• 23 months ago


    CoolCoolCoolnice series

    goes well with danny,s caro pawn structure lectures

    also i see karpovs dabbled with scandy in rapids

  • 4 years ago


    one if my games with this line  and i love it thank you  very much master for this line , thank to you i am getting better and better  in this acandivian line.

  • 4 years ago


    This series was good stuff, I'm certainly adding the Scandinavian to my repertoire against 1 e4. Many thanks!

  • 4 years ago



  • 4 years ago



  • 4 years ago


    very enjoyable, I must try it out

  • 4 years ago


    i liked it but missed part one and two. is there a way to retrieve learning videos u have missed.?

  • 4 years ago



  • 4 years ago


    Very good

  • 4 years ago


                                       Questions for GM Perelshteyn

                         about the "Franco-Scandanavian"

                          when facing lower rated players




         Before I ask my questions, here's a bit of background . . . .

         Back when I was quite active in chess I played 1.  e4 d5 pretty often and the reply was usually 2. exd5.  Today when I face players around my own rating (I'm older and have slipped a bit) and use the Scandanavian Opening, frequently (33% -40%) I end up facing an advanced French version after 1.  e4 d5 2. e5 Bc4 3. d4 e6.  I love to play this opening because my greatest success in the Northern Colorado Chess League about 25 years ago was when after a master I knew played 1. e4  I looked stunned and said, "I've never seen that before" then paused to figure my defense.  Without pausing he surprised me and said, "I always play this intending that and he pointed to e5 in a joking manner."  I knew him well as I say and he was a bit of a cocky fellow so I  quickly played 1. ... d5 and yes, his pride would NOT let him play anything but 2. e5 and virtually instantaneously, at that.  I, of course, played Bc4 and we got into the Franco-Scandanavian that I now regularly encounter (but only against weaker oppostion) and after roughly 85 minutes he offered me a draw in a Rook + Opposite-colored Bishop endgame.  That was one of about three highlights for me over five years of playing for Longmont in the NCL.  Background completed, here's some questions:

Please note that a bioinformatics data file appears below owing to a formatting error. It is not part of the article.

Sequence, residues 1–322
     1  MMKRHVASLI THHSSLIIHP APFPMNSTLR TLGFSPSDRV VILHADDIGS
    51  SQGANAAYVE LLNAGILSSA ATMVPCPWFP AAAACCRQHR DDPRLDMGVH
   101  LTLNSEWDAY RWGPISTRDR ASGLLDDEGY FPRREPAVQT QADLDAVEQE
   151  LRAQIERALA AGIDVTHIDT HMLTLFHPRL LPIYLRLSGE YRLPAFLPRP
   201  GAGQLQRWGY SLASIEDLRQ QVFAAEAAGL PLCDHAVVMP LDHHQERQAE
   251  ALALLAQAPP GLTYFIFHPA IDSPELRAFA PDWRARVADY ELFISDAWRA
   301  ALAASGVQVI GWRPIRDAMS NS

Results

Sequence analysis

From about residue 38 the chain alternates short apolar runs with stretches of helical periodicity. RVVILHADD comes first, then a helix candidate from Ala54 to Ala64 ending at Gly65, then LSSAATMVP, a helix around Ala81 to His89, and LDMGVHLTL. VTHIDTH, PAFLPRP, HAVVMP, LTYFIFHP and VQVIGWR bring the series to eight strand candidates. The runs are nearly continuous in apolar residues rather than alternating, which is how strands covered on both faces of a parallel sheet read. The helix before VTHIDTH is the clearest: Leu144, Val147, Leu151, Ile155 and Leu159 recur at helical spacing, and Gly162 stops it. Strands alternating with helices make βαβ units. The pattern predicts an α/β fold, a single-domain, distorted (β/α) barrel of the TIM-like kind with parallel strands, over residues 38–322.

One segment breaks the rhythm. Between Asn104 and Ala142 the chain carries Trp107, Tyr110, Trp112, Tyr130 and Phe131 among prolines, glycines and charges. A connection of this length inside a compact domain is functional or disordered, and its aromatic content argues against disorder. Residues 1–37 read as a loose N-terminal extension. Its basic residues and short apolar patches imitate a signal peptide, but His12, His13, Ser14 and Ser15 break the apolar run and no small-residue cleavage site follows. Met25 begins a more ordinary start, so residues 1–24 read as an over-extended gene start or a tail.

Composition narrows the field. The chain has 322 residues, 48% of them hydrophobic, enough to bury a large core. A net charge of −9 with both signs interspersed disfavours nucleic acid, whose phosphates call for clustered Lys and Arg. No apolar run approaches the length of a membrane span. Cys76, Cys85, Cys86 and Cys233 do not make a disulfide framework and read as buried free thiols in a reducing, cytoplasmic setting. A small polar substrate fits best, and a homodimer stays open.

1.  Now I'm much older and have less time for chess I play much weaker players because my rating is lower.  Naturally I encounter this opening much more commonly.  However, while I'll win about 65% and draw perhaps 20% . . . I still lose far too often to this turkey of a White opening?  Does this opening have anything at all to recommend it for White?

         2.  Would you discuss the dangers of playing the French vs. White (virtually a move down because of getting in 2. ... Bf5) vs. all the benefits to Black and plans for Black.  And what dangers exist in this Frenchy line for Black and how to avoid them, please?

        3.  Because the Bf5 Bishop is still pretty "BAD" in this opening although better than in the regular French;  and because when I get beat in the opening, that Bishop is often vulnerable to a Knight fork by the g1 Knight, I often trade off that Bishop for the White Knight on b1.  What are the plusses and minuses of this decision?  Is there a better plan?

         4.  Sometimes I get some huge-long white-squared pawn chains in this opening.  Can you discuss the pros and cons of long chains here vs. just killing the White pawns?

         5.  What kind of endgames should we understand?


    Thank you very much,

    Bob VanDeHey (aka A1Rajjpuut)

  • 4 years ago


  • 4 years ago

    NM flashboy2222

    not sure. Nf3 is just a bad move in d4 line because bg4 and black has the initiative

  • 4 years ago


    you repeated yourself 1000000000000000000000 times

  • 4 years ago


    I wish the optimistic sides of white's position would be made visible more

  • 4 years ago


    ._. mah!?

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